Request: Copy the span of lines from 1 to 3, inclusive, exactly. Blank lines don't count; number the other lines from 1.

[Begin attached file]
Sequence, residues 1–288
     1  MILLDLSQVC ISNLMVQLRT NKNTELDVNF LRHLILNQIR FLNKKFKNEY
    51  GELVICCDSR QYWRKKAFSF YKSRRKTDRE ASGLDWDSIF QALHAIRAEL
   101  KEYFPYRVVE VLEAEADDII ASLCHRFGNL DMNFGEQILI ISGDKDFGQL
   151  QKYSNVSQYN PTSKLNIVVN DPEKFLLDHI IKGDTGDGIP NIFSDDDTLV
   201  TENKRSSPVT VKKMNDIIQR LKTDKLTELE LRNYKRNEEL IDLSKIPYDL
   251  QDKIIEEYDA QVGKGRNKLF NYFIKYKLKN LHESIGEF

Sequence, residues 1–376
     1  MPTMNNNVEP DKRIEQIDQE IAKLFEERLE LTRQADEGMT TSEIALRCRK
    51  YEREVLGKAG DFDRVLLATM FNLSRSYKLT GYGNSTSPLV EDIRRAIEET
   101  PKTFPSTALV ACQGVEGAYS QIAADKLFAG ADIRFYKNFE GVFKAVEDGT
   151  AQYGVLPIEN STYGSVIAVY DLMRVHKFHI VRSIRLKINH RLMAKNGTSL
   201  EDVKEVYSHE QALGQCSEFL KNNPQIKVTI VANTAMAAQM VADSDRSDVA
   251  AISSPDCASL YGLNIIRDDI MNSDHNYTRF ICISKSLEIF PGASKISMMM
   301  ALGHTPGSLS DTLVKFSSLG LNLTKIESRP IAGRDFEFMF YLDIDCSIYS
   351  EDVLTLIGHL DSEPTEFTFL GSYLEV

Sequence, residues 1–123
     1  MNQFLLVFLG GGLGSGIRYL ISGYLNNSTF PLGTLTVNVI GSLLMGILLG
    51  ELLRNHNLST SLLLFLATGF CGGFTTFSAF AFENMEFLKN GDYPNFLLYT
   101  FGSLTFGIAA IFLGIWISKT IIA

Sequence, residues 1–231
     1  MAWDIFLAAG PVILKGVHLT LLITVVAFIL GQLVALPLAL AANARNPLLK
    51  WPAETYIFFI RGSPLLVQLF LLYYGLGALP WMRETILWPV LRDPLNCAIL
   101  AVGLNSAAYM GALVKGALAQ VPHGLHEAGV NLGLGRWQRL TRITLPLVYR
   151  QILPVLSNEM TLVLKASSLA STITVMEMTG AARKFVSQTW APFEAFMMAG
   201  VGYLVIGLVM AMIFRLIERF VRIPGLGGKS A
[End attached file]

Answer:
Sequence, residues 1–288
     1  MILLDLSQVC ISNLMVQLRT NKNTELDVNF LRHLILNQIR FLNKKFKNEY
    51  GELVICCDSR QYWRKKAFSF YKSRRKTDRE ASGLDWDSIF QALHAIRAEL